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Londa Schiebinger recognized by the American Medical Women’s Association

LONDA SCHIEBINGER

Londa Schiebinger has been recognized by the American Medical Women’s Association.

Photo: Greg Grieco
Apr 5 2017

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Awards, Faculty, In the News

LONDA SCHIEBINGER, John L. Hinds Professor of History of Science, will receive the Presidential Recognition Award from the American Medical Women’s Association (AMWA) at its annual award luncheon on April 1. The award, conferred annually, honors outstanding achievements in the sciences, medicine, clinical practice, leadership, humanitarianism and philanthropy.

Founded in 1915, AMWA is an organization devoted to advancing women’s health and women in medicine. This year, AMWA will honor Schiebinger “for her inspiring work to raise awareness of the broad expanse of sex and gender differences and launching the Gendered Innovations program at Stanford University.”

Launched under Schiebinger in 2009, Gendered Innovations uses sex and gender analysis to foster innovation in science and technology. It does so not only by spotlighting gender bias, but also by supplying scientists and engineers with practical methods for gender-responsive research and development.

“People are interested in diversity and inclusion; gender analytics can also influence what research you choose to do,” said Schiebinger, who will also receive an honorary doctorate in science from Sweden’s Lund University in June.

The scope of Gendered Innovations is as broad as the fields it represents: design and scientific research, health and medicine, engineering and public policy. For want of an adequate reference group, men can suffer for years before receiving treatment for osteoporosis; for every seat belt designed with the average male body in mind, women risk losing a pregnancy in a motor vehicle accident. According to Schiebinger and her international team of researchers, errors like these are common and their consequences harmful.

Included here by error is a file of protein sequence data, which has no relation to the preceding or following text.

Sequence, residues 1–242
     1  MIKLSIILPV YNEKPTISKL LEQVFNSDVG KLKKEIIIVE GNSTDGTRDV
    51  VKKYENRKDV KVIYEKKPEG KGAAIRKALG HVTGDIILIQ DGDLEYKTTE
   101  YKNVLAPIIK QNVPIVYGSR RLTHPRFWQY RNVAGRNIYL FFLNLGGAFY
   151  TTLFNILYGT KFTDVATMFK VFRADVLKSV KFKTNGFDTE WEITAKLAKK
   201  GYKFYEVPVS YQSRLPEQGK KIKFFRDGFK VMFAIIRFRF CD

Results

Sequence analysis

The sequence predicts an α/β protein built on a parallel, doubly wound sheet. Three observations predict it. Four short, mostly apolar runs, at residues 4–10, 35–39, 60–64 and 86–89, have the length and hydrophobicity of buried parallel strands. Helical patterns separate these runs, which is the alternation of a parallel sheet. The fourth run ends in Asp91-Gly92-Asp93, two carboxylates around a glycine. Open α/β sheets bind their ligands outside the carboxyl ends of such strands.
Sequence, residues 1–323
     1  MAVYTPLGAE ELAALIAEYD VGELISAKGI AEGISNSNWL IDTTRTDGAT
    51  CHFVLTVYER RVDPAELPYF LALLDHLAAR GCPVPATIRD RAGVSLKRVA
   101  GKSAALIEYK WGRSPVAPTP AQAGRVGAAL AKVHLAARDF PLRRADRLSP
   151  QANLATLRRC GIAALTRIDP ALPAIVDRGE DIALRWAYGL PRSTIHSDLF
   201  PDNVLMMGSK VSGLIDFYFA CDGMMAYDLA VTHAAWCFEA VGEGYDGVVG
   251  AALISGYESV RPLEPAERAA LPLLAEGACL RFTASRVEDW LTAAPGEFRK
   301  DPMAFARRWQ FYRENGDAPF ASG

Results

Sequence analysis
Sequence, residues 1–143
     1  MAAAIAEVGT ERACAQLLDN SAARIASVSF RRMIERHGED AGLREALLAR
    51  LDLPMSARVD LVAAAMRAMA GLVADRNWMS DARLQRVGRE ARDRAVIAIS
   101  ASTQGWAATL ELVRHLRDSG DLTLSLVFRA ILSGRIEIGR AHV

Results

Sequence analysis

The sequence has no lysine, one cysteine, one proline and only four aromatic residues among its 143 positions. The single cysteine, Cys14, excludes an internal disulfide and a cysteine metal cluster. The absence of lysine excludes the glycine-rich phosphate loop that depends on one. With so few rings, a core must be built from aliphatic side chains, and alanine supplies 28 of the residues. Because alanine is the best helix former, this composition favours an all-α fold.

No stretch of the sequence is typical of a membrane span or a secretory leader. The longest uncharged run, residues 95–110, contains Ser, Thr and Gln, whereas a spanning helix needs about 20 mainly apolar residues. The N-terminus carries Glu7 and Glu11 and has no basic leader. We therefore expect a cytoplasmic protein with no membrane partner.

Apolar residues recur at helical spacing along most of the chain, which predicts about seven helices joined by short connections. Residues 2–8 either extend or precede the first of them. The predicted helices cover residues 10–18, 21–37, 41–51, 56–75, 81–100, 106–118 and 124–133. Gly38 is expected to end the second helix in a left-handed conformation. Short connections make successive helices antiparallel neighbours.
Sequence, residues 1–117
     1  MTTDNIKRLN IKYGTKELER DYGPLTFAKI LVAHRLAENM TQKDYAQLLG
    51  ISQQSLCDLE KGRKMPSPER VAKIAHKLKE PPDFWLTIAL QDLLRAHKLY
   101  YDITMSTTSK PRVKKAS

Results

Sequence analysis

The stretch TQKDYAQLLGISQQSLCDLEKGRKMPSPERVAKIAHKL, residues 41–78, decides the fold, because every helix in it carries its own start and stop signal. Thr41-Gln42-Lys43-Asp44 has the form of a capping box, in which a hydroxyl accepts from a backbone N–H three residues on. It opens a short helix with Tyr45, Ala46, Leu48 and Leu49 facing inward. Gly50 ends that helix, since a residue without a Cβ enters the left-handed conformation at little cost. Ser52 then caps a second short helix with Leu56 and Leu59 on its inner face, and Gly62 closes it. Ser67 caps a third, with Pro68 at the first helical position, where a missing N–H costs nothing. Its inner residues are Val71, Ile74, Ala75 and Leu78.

“Doing research wrong costs lives and money,” said Schiebinger. “The thing that catches people’s attention is that between 1997 and 2000, the FDA withdrew 10 drugs from the U.S. market it deemed life-threatening”—eight of which posed even greater risks to women’s health.

Yet distilling gender theory into scientific practice was no simple task. Schiebinger and her colleagues began Gendered Innovations by hosting a series of workshops with scientists and engineers, participatory research funded by the European Commission. Their collaboration yielded a dozen methods for incorporating sex and gender analysis into research. With these methods, researchers have proposed solutions to gender bias in everything from the genetics of sex determination to the overuse of masculine pronouns in machine translations.

“We developed methods that translate 30 years of gender theory into practical methods for working with scientists and engineers,” Schiebinger said of Gendered Innovation’s origins. “It’s like translational medicine—the scientists and engineers tell us how they do their work, and we consider where it might be productive to consider some aspect of sex and gender.”

Long fascinated by the role of gender in science and technology, Schiebinger will teach “Beyond Pink and Blue: Gender in Tech” this spring quarter in Stanford’s d.school. “Beyond Pink” will explore how incorporating gender analysis into design thinking might foster more inclusive work environments and innovative design – particularly in the technology sector. The course parallels a partnership with SHERI SHEPPARD, professor of mechanical engineering, to integrate gender analysis into core courses in engineering.

“We want to go where the engineers live and connect with them,” said Schiebinger.

See Schiebinger discuss Gendered Innovations in Science, Medicine and Engineering on YouTube.